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The Beag-class Aircraft Carrier is a light, nuclear powered fleetcarrier designed and produced by Silverport Dockyards Limited, once the largest ship in our entire catalogue, replacing the Sealgaire-class Helicopter Carrier and the Glorium-class Command Ship in that function.

The term Beag means "little" or "small" and is the name of the current Envoy of Lodan Lir.

Design

The Beag-class Aircraft Carrier is a classical monohull design, 260.8 meter in length overall, with a beam of 50.3 meters including flight deck and a draught of eight meters. in standard configuration, one vessel displaces 21,500 tons, while the loaded displacement is at 31,150 tons. The island, housing the bridge, staff rooms, radars and similar installations on the starboard side.

The Beag-class Aircraft Carrier is a nuclear powered vessel, having four reliable and tested Ga-17 Mark II Nuclear Reactors, further developed from the Ga-17 Nuclear Reactors in use aboard the Caorthann-class Polar Research Vessel. This further development mostly concerned the cooling systems, making it less reliant on the outer water and more on the primary and secondary cooling cycles, which work quite well.

Ships equipped with the Ga-17 Mark II produce 75 megawatts with each reactor, which basically work like nuclear reactors on land do as well: Heating water to produce steam, which power steam turbines to produce electrical power. The feed water, which is turned to steam, is pumped aboard, demineralised, and used.

90% enriched Uranium Fuel Cells need to be loaded as power cells. We also recommend employing experienced nuclear reactor technicians.

These nuclear reactors provide the power for all of the ships systems, from the engines to the radar to the catapults to the radios.

The vessel is driven by two shafts with controllable pitch propellers for more energy efficiency.

The Beag-class Aircraft Carrier is a conventional Catapult Assisted Take-Off But Arrested Recovery Carrier (CATOBAR for short) and has no ski-jump. Concept studies for a variation with a ski-jump are in the works.

Electronic Warfare

The Beag-class Aircraft Carrier is equipped with full suites for Electronic Countermeasures (ECM), Electronic Support Measures (ESM) and Electronic Protection (EP).

Electronic Countermeasures, or ECM for short, are used to deceive and trick enemy means of detection and ultimately not having a guided missile slam into the ship's side. Be they sonar decoys or radar jammers (Rasberry Jammers is the system we usually use), active ECM measures confuse the enemy's sensors, while passive measures include for example the jamming of the guidance systems of enemy missiles.

Electronic Support Measures meanwhile detect, intercept, identify, locate, record and analyze sources of radiated electromagnetic energy (for example radar) for threat recognition and other purposes, amongst them intelligence information. With these information, a commander can make the tactical and, if necessary, strategic decisions needed. It also provides the means necessary to gather information about the Electronic Warfare Systems of the enemy either in order to avoid an attack or to attack more effectively.

With Electronic Protection (EP), or Electronic counter-countermeasures (ECCM), the ship is hardened against every kind of electronic attack, for example against scrambling and jamming. This allows to attack the enemy even when he feels safe with his jammers in place and activated.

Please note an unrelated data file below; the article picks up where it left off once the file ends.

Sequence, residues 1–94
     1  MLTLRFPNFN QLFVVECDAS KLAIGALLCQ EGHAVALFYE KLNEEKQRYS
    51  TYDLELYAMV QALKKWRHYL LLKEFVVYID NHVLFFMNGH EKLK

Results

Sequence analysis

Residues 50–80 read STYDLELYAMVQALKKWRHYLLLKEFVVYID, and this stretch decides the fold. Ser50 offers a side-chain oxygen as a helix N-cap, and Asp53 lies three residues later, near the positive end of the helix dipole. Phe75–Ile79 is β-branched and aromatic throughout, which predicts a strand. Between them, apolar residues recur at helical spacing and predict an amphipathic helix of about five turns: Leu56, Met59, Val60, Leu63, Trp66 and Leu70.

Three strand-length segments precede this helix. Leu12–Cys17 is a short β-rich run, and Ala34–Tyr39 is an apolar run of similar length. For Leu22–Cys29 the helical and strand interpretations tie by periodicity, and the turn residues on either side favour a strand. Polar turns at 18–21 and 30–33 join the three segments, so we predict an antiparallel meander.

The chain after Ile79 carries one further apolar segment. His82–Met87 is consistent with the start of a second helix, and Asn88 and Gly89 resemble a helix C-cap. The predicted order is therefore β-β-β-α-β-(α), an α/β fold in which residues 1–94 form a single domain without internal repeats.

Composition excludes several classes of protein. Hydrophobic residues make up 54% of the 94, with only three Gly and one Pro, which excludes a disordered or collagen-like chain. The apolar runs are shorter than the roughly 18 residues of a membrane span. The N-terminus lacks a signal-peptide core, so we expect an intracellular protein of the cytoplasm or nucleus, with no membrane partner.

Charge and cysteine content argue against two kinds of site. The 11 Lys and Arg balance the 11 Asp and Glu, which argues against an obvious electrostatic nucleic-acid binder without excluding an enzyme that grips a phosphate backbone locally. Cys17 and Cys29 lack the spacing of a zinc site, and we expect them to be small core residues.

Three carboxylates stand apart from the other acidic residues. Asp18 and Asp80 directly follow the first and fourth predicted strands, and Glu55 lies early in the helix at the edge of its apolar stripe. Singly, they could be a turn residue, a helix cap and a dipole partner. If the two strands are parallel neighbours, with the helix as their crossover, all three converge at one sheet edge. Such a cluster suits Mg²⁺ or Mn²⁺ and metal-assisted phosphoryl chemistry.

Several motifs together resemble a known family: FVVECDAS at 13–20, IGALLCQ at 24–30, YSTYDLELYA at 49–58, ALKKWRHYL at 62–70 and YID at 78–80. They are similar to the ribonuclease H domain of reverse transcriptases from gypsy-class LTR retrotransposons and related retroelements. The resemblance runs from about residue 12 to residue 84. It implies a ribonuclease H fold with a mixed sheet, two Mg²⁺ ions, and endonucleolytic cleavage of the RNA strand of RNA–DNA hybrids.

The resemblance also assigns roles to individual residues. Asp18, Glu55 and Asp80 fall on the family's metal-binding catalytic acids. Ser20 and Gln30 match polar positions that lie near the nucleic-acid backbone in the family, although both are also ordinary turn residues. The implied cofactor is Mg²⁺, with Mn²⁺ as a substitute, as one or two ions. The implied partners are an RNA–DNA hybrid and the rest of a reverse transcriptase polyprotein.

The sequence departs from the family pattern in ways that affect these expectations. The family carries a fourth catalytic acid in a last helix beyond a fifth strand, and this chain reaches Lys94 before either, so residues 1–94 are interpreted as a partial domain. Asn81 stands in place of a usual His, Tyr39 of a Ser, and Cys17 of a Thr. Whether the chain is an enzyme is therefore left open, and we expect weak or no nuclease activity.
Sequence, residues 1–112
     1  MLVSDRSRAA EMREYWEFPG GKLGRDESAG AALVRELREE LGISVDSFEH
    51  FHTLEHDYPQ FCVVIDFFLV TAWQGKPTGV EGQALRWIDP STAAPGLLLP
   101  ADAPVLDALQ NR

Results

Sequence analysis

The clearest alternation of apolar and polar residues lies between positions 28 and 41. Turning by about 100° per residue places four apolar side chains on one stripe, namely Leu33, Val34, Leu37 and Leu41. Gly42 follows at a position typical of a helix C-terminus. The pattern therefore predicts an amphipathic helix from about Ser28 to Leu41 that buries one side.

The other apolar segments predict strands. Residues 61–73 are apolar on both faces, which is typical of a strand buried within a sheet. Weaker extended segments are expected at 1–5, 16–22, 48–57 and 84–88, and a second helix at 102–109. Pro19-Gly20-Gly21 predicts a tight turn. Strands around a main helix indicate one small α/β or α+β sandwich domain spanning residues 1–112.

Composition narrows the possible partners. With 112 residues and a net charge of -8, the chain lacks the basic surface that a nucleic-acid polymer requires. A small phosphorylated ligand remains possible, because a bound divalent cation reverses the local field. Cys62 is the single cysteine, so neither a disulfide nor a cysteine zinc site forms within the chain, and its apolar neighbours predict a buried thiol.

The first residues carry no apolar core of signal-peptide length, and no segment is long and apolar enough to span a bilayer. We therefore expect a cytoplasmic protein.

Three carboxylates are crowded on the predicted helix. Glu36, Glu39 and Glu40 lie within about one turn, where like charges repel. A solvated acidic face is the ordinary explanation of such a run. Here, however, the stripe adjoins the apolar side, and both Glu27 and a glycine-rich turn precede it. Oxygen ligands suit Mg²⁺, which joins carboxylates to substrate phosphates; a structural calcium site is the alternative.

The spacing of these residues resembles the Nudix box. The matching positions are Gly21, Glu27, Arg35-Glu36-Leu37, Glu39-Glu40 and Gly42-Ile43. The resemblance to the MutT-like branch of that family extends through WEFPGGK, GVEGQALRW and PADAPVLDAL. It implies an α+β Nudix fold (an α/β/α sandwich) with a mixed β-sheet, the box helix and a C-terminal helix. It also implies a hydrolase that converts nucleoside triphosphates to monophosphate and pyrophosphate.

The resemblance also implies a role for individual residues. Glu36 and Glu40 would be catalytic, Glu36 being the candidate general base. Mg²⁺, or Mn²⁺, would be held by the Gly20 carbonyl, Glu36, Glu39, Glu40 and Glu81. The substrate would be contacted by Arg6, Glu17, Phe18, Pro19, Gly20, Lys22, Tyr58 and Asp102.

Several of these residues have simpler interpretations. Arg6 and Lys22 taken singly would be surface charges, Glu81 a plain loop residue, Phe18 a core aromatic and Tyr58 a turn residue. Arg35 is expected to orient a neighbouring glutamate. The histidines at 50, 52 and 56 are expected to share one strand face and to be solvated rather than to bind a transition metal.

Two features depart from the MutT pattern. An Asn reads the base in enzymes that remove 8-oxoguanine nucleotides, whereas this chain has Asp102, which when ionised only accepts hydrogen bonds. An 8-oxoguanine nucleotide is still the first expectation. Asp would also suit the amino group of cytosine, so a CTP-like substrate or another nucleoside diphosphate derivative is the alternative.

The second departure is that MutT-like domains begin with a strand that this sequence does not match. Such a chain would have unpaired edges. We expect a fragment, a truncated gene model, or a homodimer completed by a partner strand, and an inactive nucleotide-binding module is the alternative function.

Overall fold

Sensors and Processing Systems

The Beag-class Aircraft Carrier is equipped with a multitude of radars and sensors to ensure ideal operative capabilities of the carrier as a carrier. Chiefly amongst the radars of the Beag-class Aircraft Carrier are the two Nuacht N-13 Mark II Air/Surface Search Radars. As a combined radar, it combines an air-surveillance and a surface search radar into one. Despite being originally developed for the use on far smaller ships, it quickly prooved to be as effective on large ships as it is on smaller ones.

While the Beag-class Aircraft Carrier also has four N-38 Fire Control Radars and one N-4 Navigation Radar for finding the way, the other core of the radar suite are the two Digital Carrier Surveillance Radars. Secondary mode as weather surveillance radars, triple redundant systems,

Decoys

In order to defend itself against threats without the need for usiing up ammunition, the Beag-class Aircraft Carrier is equipped with a multitude of defensive systems, namely a Multi-Ammunition Softkill System or MASS and two chaff-launchers, as well as two torpedo decoy launchers.

The MASS is connected to the sensor systems, mainly radar, and uses the data to launch radar decoys operating on all relevant wavelengths of the electromagnetic spectrum, confusing advanced, sensor-guided missiles. It can either be operated by a person or operate autonomously. For the less advanced radar-guided missiles, the Beag-class Aircraft Carrier is equipped with two chaff launchers, sending out far more primitive radar decoys, which will not only confuse the missile's radar, but also the enemy's radar as well.

To counter torpedoes, especially those of the acoustic-homing variety, the Beag-class Aircraft Carrier has a Torpedo Decoy Launcher, which send out something, which makes a lot of noise, which, in return, directs the torpedo into the decoy and not into the ship.

Aviation Facilities